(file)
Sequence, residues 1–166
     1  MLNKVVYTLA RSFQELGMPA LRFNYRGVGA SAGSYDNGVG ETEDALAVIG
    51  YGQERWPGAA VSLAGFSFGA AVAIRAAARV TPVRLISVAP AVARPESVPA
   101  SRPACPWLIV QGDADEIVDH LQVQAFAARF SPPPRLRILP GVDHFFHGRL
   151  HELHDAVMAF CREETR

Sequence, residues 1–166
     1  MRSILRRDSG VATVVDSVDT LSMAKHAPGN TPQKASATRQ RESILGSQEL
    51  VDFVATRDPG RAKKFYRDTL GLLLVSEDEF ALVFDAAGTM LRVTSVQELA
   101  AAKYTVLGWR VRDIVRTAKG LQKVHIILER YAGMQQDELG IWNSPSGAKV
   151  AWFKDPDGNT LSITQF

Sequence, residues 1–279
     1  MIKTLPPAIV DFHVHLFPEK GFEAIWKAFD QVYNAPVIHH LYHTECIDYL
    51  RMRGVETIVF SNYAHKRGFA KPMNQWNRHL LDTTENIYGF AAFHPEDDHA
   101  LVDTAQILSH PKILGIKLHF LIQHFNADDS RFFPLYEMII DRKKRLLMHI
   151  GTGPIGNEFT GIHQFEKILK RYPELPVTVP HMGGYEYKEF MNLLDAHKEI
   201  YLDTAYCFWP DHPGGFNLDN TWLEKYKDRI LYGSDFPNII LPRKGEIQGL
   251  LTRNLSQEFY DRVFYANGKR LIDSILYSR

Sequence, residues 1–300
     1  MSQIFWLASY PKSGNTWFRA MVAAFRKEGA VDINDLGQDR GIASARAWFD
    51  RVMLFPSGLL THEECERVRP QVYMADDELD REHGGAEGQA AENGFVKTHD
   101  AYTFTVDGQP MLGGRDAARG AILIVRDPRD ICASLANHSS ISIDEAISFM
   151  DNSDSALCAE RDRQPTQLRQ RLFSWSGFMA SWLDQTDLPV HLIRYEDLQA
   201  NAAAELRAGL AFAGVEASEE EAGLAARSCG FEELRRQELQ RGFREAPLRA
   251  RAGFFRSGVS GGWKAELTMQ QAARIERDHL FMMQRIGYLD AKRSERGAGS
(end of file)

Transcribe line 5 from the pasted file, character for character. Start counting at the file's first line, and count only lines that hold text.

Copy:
   151  HELHDAVMAF CREETR